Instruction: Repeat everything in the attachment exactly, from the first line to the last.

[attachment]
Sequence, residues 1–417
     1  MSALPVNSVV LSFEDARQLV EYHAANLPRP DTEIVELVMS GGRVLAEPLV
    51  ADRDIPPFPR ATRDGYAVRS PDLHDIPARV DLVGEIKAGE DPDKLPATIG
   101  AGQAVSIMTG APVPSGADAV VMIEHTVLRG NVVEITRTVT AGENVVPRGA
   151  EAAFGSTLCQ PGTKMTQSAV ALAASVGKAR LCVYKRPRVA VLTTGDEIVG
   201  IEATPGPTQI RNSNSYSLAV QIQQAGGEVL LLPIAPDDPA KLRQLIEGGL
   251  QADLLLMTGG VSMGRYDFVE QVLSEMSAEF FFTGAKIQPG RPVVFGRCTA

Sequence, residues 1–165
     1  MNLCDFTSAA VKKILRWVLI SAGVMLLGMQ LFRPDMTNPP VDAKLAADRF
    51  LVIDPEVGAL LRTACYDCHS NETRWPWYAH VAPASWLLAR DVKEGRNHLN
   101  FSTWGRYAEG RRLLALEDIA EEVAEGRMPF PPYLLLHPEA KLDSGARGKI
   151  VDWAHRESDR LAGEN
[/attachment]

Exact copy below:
Sequence, residues 1–417
     1  MSALPVNSVV LSFEDARQLV EYHAANLPRP DTEIVELVMS GGRVLAEPLV
    51  ADRDIPPFPR ATRDGYAVRS PDLHDIPARV DLVGEIKAGE DPDKLPATIG
   101  AGQAVSIMTG APVPSGADAV VMIEHTVLRG NVVEITRTVT AGENVVPRGA
   151  EAAFGSTLCQ PGTKMTQSAV ALAASVGKAR LCVYKRPRVA VLTTGDEIVG
   201  IEATPGPTQI RNSNSYSLAV QIQQAGGEVL LLPIAPDDPA KLRQLIEGGL
   251  QADLLLMTGG VSMGRYDFVE QVLSEMSAEF FFTGAKIQPG RPVVFGRCTA

Sequence, residues 1–165
     1  MNLCDFTSAA VKKILRWVLI SAGVMLLGMQ LFRPDMTNPP VDAKLAADRF
    51  LVIDPEVGAL LRTACYDCHS NETRWPWYAH VAPASWLLAR DVKEGRNHLN
   101  FSTWGRYAEG RRLLALEDIA EEVAEGRMPF PPYLLLHPEA KLDSGARGKI
   151  VDWAHRESDR LAGEN